(Symphytum
officinale,
cf.
Bocking
14)
in
primary
growth
was
harvested
to
5
cm
stubble
height
by
hand
shears
on
12
May
1999.
The
plants
were
approximately
1
m
in
height
and
in
early
bloom
(Fig.
1).
The
entire
crop
was
weighed
and
divided
into
two
equal
parts.
One
was
chopped
to
20
mm
average
particle
length
immediately
after
being
weighed
("unwilted"),
through
an
AL-KO
Dynamic
H1600
chopper
(AL-KO
Maschinenfabrik
GmbH,
Obdach,
Austria).
The
other
was
placed
unchopped
in
a
thin
layer
on
a
clean
concrete
floor
in
an
unheated,
ventilated,
greenhouse
for
24
h
before
being
chopped
through
the
same
machine
("wilted").
Samples
of
both
unwilted
and
wilted
crops
were
frozen
immediately
after
being
chopped.
Both
lots
of
chopped
material
were
ensiled
in
laboratory
silos,
comprising
two
polyethylene
bags
enclosed
within
a
polyethylene
bucket.
The
inner
bag
of
the
pair
was
filled
by
hand
and
compressed
during
filling
by
treading
to
remove
as
much
air
as
possible.
After
being
filled,
both
the
inner
and
outer
bags
were
tied
firmly
at
the
neck
with
string
and
each
bucket
was
then
closed
with
a
sealed
lid.
The
average
quantity
ensiled
was
12.0
kg
fresh
weight
per
silo
and
the
average
packing
density
was
641.7
kg
fresh
weight/m
3
.
Due
to
lack
of
material,
it
was
only
possible
to
fill
two
silos
of
unwilted
and
two
silos
of
wilted
material.
The
silos
were
opened
after
a
period
of
202
days,
and
the
contents
were
mixed
and
sub-sampled
for
dry
matter
(DM)
and
compositional
analysis.
Dry
matter,
ash,
ammonia
N
and
pH
were
determined
using
methods
in
MAFF
(1986).
Total
N
was
determined
by
the
method
in
SI
(1991).
Neutral
detergent
fibre
(NDF)
was
determined
using
the
method
in
MAFF
(1994),
with
the
addition
of
sodium
sulphite
and
alpha
amylase,
and
expressed
with
residual
ash.
Buffering
capacity,
soluble
N,
and
amino
acid
N
were
assessed
by
electrometric
titration
of
juice
(Offer
et
al.,
1993)
and
water-soluble
carbohydrates
were
determined
by
the
method
of
Thomas
(1977).
Lactic acid
in
the
silages
Wilkinson/Animal
Feed
Science
and
Technology
104
(2003)
227-233
229
t
.
"
e
.
Fig.
1.
Comfrey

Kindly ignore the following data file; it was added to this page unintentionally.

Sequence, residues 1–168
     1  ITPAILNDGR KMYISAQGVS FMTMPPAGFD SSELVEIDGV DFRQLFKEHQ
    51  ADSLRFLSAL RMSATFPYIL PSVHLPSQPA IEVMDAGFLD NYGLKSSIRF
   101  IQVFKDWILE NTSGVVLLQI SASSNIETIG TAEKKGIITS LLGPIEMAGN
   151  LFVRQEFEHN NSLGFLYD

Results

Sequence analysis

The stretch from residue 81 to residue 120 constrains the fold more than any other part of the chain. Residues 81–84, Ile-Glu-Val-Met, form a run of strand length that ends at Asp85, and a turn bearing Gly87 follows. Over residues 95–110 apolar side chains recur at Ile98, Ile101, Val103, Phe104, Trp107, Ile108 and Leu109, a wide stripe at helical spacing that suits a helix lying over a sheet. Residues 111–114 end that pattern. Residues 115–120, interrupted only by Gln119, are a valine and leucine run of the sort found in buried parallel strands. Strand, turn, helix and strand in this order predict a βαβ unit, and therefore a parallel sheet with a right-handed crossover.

(Symphytum
officinale)
at
the
early
bloom
stage
of
growth.
was
determined
using
the
method
of
Bergmeyer
et
al.
(1984).
Ethanol,
acetic,
propionic
and
n-butyric
acids
were
determined
in
the
silages
by
gas
liquid
chromatography
(Jones
and
Kay,
1976).
Data
for
both
fresh
and
ensiled
materials
were
subjected
to
analysis
of
variance
using
a
general
linear
model
in
Minitab
12.1,
with
"crop"
(crop
before
ensiling
versus
silage,
1
d.f.)
and
"wilt"
(unwilted
silage
versus
wilted
silage,
1
d.f.)
as
main
effects.
Data
derived
solely
from
the
silages
were
analysed
by
ANOVA
with
"wilt"
(1
d.f.)
as
the
sole
main
effect.
3.
Results
and
discussion
The
yield
of
the
crop
was
61.3
t
fresh
weight
(FW)
per
hectare
(6.9
t
DM/ha).
On
chopping,
the
unwilted
crop
formed
a
sticky
mass,
which
did
not
pass
through
the
chopper
without
considerable
physical
assistance
from
the
operator.
After
a
24
h
wilt,
the
crop
still
required
physical
assistance
to
aid
its
passage
through
the
chopper.
The
composition
of
the
crops
before
and
after
ensiling
are
in
Table
1.
The
crops
were
relatively
wet
at
the
time
of
ensiling,
averaging
112
and
146
g
DM/kg
FW
for
the
unwilted
and
wilted
materials,
respectively.
The
laboratory
silos
did
not
allow
liquid
effluent
to
escape,
and
the
DM
concentrations
were
slightly,
though
not
significantly,
lower
in
the
silages
than
in
the
fresh
crop
before
ensiling
(Table
1).
The
presence
of
liquid
within
the
silos,
coupled
with
the
relatively
low
DM
concentrations
may
have
influenced
fermentation.
Table
1
Composition
of
comfrey
(Symphytum
officinale)
at
harvest
and
after
ensiling
Crop
S.E.D.
Significance
of
effectsa
Before
ensiling
Silage
Crop
Wilt
Crop
x
wilt
Unwilted
Wilted
Unwilted
Wilted
Dry
matter
(g/kg
FW)
112.0 146.0
99.0
134.5
6.15
NS
**
NS
Buffering
capacity
(mE/kg
DM)
488
472
3669
3216
974.1
NS
NS
Water-soluble
carbohydrates
g/kg
FW
12.0
17.2
1.25
2.70
0.255
*** ***
**
g/kg
DM
107.0 118.0
12.9
20.2
3.47
***
NS
NS
Ash
(g/kg
DM)
143.0
148.5 125.5 144.5
10.63
NS NS
NS
Total
N
(g/kg
DM)
32.2
34.7
28.4
30.5
1.53
NS NS
NS
Neutral
detergent
fibre
(g/kg
DM)
333.5
350.0
192.0
252.0
9.08
***
**
NS
pH
5.43
5.16
0.710
NS
Lactic
acid
(g/kg
DM)
18.9
28.7
24.25
NS
Acetic
acid
(g/kg
DM)
3.30
13.3
7.95
NS
Propionic
acid
(g/kg
DM)
20.5
10.4
8.22
NS
n-Butyric
acid
(g/kg
DM)
44.1
29.4
32.45
NS
Total
fermentation
acids
(g/kg
DM)
87.5
83.2
45.41
NS
Ethanol
(g/kg
DM)
10.8
15.0
3.78
NS
Soluble
N
(g/kg
total
N)
708
470
172.6
NS
NH3-N
(g/kg
total
N)
238
179
114.9
NS
Amino
acid
N
(g/kg
soluble
N)
483
639
114.5
NS
a
NS:
not
significant.
*
P
<
0.05.
**
P
<
0.01.
***
P
<
0.001.
Wilk
i
nson/A
ni
mal
F
eed
S
ci
ence
and
T
ech
nol
o
gy
1
0
4
(2
003
)
22
7
-2
33
Wilkinson/Animal
Feed
Science
and
Technology
104
(2003)
227-233
231
The
water-soluble
carbohydrate
(WSC)
concentrations
of
12.0
and
17.2
g/kg
FW
for
the
unwilted
and
wilted
materials,
respectively,
were
lower
(P
<
0.001)
than
the
critical
value
of
20
g/kg
FW
essential
for
satisfactory
fermentation
in
the
silo
(Wilkinson
et
al.,
1981).
In
these
respects,
comfrey
resembled
sunflower
(Helianthus
annus)
grown
in
northern
European
conditions
and
harvested
at
the
onset
of
flowering